Dave’s been retired now a month. It’s been brilliant. We’ve had a lot of fun, more laughs than I can remember us having and he and I have enjoyed every moment of this new phase in our long marriage. Except this month has also brought unwelcome and unexpected expense. Picture the scene: a beautiful Sunday, guests joining us for lunch, a roast merrily cooking its way, then bang! All the power in the house goes down. Trip switch flicked on again and again. Bang! Yes, you’ve guessed it, the cooker decided to burn out one of the heating elements in the oven. Oven turned off, meal resumed in the jet stream and microwave. Engineer summoned Monday morning. New element ordered, fitted on Wednesday.

Thursday, pouring with rain. Never mind, have washing to do. Thank goodness for tumble drier as we don’t have room for a washing line in the garden. Load machine with sheets. Drum turns a few times as it fills with cold water. Then bang! Trip switch shuts power off. Dave blames pump in koi pond and goes off to sort. I turn washing machine back on. Off power goes again. Kicks machine. Okay, it’s nearly 14 years old, never broken down so I can’t complain. Suspect pump has given up. Removes wet, soaking bedding from drum. Scratches head. What to do with dripping washing. Engineer summoned again in hope he can fix it. Yes he can. Heater element blown. New one ordered and fitted following Monday morning.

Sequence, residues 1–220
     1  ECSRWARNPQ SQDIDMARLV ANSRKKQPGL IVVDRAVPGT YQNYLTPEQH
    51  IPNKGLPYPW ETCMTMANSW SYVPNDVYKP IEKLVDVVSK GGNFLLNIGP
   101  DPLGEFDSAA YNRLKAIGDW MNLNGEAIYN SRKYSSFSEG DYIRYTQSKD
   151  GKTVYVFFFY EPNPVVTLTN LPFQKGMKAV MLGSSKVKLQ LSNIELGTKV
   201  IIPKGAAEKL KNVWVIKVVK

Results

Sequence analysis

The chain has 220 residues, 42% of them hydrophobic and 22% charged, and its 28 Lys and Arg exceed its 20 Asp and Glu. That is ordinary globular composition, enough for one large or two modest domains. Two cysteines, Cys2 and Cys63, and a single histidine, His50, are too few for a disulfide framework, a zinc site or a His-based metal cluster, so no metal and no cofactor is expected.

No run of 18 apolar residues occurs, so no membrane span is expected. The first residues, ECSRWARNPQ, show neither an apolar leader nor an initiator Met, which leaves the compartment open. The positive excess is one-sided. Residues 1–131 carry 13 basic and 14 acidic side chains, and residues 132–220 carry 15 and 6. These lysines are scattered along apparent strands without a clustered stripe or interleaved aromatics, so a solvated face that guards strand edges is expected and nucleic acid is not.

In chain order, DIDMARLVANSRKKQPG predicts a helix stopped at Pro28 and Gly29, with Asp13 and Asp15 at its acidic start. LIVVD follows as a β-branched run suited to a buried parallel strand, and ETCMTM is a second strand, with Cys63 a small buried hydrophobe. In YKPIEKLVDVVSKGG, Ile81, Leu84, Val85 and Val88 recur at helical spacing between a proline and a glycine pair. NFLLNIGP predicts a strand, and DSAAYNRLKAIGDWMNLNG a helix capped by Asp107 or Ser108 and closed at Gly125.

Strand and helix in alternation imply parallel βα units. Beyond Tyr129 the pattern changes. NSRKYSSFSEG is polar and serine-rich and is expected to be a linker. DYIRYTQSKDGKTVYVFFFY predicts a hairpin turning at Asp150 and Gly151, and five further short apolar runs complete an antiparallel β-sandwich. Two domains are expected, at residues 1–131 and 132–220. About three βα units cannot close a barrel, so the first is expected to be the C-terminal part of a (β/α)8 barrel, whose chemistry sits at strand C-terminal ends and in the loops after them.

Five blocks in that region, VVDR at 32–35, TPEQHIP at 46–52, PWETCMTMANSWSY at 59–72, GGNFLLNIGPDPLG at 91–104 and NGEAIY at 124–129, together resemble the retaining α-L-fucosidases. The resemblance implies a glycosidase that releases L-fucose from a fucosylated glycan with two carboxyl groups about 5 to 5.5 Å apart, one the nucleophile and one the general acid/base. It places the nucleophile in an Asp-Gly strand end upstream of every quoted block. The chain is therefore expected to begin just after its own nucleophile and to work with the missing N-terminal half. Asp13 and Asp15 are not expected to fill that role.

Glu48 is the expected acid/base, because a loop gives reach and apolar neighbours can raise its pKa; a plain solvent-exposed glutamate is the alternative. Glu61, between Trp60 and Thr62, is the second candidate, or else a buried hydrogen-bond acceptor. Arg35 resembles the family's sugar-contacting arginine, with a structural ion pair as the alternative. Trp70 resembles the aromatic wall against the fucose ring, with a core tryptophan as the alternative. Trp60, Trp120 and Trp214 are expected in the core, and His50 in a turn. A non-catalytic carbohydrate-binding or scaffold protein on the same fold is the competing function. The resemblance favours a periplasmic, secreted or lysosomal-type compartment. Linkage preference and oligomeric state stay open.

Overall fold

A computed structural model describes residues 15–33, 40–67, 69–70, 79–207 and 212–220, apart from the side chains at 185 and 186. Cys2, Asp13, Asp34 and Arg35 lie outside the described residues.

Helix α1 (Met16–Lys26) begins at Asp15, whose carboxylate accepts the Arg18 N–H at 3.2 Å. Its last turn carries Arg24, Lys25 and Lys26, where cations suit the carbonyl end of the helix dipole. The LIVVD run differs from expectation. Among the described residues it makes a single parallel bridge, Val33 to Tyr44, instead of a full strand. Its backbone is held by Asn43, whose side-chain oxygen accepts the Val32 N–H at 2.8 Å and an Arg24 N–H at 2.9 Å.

Now have larger washing mountain to climb. First load in: several large towels. Washing machine works a treat and an hour later they are dying in tumble drier. Well… I thought they were. All lights flashing on machine, washing still damp after two hours. Drier defunct. Research problem on internet: Common fault. Terminal. Still pouring with rain so can’t even rig up temporary line. New tumbler on order for next day delivery.

So, that is our three bad things done. Hopefully. Please no more. Dave reckons the dishwasher will be next as it’s over 10 years old. I’ve told him if it does break down, he will be doing all the washing up for wishing it upon us.

It’s still raining, and blowing a gale, but at least the garden is thriving, even if we can’t get out there and enjoy it today.

Kit’s Website and Blog  and Kit’s Art  Site